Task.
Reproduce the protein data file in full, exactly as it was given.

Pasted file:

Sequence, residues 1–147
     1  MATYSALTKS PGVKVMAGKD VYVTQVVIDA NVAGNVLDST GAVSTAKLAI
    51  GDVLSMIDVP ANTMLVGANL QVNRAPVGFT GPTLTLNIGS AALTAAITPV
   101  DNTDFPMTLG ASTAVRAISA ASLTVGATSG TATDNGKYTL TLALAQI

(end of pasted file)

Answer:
Sequence, residues 1–147
     1  MATYSALTKS PGVKVMAGKD VYVTQVVIDA NVAGNVLDST GAVSTAKLAI
    51  GDVLSMIDVP ANTMLVGANL QVNRAPVGFT GPTLTLNIGS AALTAAITPV
   101  DNTDFPMTLG ASTAVRAISA ASLTVGATSG TATDNGKYTL TLALAQI